In the last few years we've seen a distinct trend in photography: the rise of mirrorless cameras. With fewer moving parts, these cameras are smaller, lighter, and less imposing than their DSLR cousins. They're also quieter and offer faster performance.
Somehow, Canon — which has dominated global camera sales for the last 13 years — has almost completely missed this trend. Global mirrorless camera sales were up 16.5 percent this year, while DSLR sales were down 15 percent. Yet Canon has just one line of mirrorless camera to its name, the Canon EOS M series, and it's done a poor job of cultivating these cameras since their inception in 2012. (For instance, the company has somehow only afforded them a very meager lens lineup for the M series, even though Canon's DSLR lens system is reputable and vast.)
Canon has largely missed another recent trend, too, which is the application of retro film camera stylings on modern camera bodies. Companies like Fujifilm and Olympus have owned this style in the last few years, releasing top quality digital mirrorless cameras that — thanks to brushed metal finishes, metal knobs, and rubber grips — are also easily mistaken for their film camera progenitors.
A digital AE-1 could kill two birds with one stone
Those are two big swings-and-misses. But there's a very clear way that Canon could course correct for both: make a digital mirrorless version of the Canon AE-1, one of the (if not the) company's most popular legacy SLR film cameras.
The Canon AE-1 was introduced in 1976 and, for all intents and purposes, it became the camera that most easily pops into the minds of photography enthusiasts when they think of film SLRs. (The AE-1 is also, anecdotally, one of the most popular cameras among high school and college students who are taking their first film photography courses.) Its chrome-and-black design was iconic, and alongside Nikon's F series, it helped inspire similar cameras from companies like Minolta and Olympus.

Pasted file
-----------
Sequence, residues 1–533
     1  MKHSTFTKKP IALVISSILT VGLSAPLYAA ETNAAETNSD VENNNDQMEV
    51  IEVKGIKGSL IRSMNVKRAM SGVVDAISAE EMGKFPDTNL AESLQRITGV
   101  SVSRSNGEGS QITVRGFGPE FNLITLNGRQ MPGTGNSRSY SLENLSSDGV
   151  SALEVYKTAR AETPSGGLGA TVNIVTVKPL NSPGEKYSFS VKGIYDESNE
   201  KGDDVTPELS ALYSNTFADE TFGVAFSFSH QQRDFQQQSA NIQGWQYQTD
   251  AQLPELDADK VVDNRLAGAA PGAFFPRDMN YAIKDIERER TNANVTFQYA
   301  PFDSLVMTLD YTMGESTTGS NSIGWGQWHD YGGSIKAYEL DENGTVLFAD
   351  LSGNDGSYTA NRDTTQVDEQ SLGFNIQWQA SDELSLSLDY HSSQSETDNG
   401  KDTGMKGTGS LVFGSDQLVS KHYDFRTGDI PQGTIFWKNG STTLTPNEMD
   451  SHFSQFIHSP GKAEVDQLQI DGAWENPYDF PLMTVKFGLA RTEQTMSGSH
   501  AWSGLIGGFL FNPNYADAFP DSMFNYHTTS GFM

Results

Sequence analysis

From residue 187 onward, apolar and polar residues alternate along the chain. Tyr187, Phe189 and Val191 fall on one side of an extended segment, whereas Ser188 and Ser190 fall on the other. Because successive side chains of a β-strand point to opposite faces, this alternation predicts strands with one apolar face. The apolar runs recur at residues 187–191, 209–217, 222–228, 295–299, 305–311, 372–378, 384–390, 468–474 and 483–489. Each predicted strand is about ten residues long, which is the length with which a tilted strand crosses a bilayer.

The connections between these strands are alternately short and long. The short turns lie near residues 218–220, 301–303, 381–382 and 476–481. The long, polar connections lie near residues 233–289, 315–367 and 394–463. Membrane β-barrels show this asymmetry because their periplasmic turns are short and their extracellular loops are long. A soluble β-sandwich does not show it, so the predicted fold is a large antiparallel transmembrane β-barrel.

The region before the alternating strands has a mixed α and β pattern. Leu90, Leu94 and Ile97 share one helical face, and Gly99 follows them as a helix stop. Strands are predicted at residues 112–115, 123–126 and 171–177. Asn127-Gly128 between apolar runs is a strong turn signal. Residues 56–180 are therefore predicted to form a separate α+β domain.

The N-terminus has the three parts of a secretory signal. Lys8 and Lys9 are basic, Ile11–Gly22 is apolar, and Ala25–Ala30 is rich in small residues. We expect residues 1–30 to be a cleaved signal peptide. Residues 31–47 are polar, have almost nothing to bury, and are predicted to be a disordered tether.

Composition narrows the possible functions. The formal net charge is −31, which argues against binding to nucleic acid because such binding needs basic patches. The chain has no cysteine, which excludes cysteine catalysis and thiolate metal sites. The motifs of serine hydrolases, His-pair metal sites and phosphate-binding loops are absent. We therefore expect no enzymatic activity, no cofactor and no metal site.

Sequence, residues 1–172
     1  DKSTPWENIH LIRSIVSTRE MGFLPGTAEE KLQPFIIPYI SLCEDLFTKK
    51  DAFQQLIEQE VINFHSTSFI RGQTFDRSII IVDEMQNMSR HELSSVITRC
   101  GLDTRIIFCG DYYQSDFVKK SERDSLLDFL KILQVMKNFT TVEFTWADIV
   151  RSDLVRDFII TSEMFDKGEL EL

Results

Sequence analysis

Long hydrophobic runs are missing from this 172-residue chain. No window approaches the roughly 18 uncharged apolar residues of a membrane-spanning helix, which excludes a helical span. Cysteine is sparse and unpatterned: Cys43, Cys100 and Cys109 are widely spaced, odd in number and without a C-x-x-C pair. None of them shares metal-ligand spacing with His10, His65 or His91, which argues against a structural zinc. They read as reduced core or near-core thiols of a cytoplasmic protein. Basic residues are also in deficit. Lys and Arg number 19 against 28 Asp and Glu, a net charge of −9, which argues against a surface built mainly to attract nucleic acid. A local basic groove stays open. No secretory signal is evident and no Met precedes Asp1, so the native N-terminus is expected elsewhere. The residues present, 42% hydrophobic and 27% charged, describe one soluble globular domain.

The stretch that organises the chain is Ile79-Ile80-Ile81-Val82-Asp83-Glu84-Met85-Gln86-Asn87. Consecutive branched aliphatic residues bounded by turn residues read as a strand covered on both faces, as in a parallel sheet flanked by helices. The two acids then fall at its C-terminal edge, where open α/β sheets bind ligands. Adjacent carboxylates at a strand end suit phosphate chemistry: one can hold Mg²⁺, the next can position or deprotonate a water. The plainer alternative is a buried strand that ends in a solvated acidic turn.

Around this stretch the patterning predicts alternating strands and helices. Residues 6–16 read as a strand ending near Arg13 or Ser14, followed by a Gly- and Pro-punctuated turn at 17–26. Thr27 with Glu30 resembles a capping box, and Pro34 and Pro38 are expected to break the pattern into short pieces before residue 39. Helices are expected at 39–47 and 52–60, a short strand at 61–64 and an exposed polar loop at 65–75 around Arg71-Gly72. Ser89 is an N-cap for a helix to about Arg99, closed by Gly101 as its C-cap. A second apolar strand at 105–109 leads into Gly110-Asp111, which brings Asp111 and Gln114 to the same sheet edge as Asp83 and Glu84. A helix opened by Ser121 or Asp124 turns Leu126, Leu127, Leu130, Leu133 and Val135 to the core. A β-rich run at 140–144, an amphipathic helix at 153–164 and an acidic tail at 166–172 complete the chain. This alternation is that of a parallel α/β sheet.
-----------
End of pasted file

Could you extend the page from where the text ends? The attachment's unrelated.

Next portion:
Popular modern day cameras like the Fujifilm X100T borrow their retro design from the era inspired by the AE-1.
It's this era of photography that companies like Fujifilm are borrowing their designs from, and it's an obvious next step for Canon. Taking the popular AE-1 design and digitizing it would give them a recognizable entry in the mirrorless market (something it definitely doesn't have with the M series, which is widely ignored). It could play off the popularity of similarly-styled mirrorless cameras like the Fujifilm X100T or X-T1, and it would also open the door wide for more of Canon's legacy designs to follow suit, like the A-1 or the F-1.
Canon is rumored to be making a big push in the mirrorless market in 2016, and it will have a decent presence at CES, so who knows? Maybe the company is already working on a similar idea. What’s clear is that Canon needs to do something; the company's profits were down 21 percent in 2015. By making a retrofuture play at the mirrorless market, Canon can right the ship.